Research

RNA dependent DNA damage response

Genetic information stored in DNA is continuously exposed to endogenous or exogenous damaging factors. Efficient DNA damage repair is a fundamental process for every living organism. The accumulation of DNA damage affects cellular viability and leads to a variety of diseases, particularly cancer. Therefore, understanding of the molecular mechanisms necessary for DNA damage repair is of great importance. A myriad of repair factors targets double-strand breaks (DSBs) by non-homologous end joining (NHEJ) or homologous recombination (HR) pathways. However, the relevance of RNA for the DNA damage response (DDR) is currently not understood and the impact of transcription on genome stability and the role of RNA binding factors as well as function of small RNA (DDRNA) remain enigmatic. My research aims to elucidate molecular mechanism of RNA dependent DDR and its relevance to cancer. We pay special attention to various types of small non-coding RNA and their roles within DDR pathway as well as acting signalling molecules.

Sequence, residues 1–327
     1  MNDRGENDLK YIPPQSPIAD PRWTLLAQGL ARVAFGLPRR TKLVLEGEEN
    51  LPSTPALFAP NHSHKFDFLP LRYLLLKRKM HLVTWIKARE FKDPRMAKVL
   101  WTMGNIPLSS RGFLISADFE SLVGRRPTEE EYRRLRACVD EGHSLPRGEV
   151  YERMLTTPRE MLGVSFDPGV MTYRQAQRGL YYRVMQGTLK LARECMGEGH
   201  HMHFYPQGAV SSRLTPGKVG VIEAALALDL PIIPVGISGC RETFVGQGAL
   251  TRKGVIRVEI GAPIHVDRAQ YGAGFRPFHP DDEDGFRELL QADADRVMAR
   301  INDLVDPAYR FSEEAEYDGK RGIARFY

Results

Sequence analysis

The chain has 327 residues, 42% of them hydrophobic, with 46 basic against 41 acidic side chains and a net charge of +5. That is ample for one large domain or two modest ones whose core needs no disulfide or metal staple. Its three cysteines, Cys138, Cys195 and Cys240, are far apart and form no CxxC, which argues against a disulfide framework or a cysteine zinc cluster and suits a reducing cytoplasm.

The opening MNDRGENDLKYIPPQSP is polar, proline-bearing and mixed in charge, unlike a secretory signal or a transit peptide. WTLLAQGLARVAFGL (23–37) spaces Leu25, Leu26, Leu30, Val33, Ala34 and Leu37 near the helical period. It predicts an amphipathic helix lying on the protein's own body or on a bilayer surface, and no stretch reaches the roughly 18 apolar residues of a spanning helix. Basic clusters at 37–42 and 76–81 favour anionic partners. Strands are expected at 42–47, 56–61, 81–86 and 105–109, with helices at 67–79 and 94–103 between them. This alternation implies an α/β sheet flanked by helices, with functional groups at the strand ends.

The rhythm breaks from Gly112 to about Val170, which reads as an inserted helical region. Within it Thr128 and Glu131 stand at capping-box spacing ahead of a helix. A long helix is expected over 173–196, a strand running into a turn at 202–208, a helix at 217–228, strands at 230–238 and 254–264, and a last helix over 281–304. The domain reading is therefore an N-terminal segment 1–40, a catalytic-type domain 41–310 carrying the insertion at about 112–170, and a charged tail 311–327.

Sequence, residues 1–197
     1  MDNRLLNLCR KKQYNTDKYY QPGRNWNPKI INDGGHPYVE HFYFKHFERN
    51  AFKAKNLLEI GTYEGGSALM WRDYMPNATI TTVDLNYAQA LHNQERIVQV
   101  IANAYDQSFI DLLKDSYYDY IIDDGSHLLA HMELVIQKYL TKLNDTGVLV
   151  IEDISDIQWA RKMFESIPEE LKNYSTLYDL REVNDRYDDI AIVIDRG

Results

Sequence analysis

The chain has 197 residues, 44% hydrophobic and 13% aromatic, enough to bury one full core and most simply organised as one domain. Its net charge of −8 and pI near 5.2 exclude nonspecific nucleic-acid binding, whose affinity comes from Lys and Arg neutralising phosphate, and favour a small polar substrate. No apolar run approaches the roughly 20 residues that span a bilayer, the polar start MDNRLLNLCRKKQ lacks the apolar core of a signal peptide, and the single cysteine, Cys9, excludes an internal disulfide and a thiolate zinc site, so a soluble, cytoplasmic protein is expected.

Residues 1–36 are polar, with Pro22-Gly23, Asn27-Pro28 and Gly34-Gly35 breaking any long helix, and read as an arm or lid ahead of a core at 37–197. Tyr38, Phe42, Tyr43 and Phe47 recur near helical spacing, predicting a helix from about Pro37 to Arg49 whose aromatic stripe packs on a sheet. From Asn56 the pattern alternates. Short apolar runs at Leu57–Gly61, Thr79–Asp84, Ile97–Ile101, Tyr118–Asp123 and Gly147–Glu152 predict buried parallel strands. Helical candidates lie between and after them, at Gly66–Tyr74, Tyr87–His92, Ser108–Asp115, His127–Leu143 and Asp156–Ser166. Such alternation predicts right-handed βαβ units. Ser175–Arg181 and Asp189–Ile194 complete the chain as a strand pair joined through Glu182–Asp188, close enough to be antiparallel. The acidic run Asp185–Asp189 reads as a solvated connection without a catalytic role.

Mammalian cells employ small RNAs (sRNAs) molecules to regulate gene expression in a pathway known as RNA interference (RNAi). Transfer RNAs (tRNAs) are essential for translation but also serve as a source for tRNA-derived small RNAs (tsRNAs). We discovered that the endoribonuclease Dicer, a critical player in canonical RNAi, associates with actively transcribed tRNA genes, binds to alternatively folded tRNAs and processes them into tsRNAs. Dicer-dependent tsRNAs target the introns of many protein coding genes and long non-coding RNAs, leading to degradation of their nascent RNA. Importantly, tsRNAs target genes are significantly associated with disease phenotypes underpinning the biological importance of this pathway. We propose a mechanism for intronic gene silencing that is distinct from well-known post-transcriptional or transcriptional gene expression regulation. We employ synthetic tsRNA targeting oncogenes to suppress aggressive cancer phenotype, which has promising applications in future cancer therapies (patent filed by Cancer Research UK). We wish to understand why and how is intronic gene silencing de-regulated in cancer cells and what is the potency of using synthetic tsRNA in cancer cells in order to supress their oncogenic phenotype.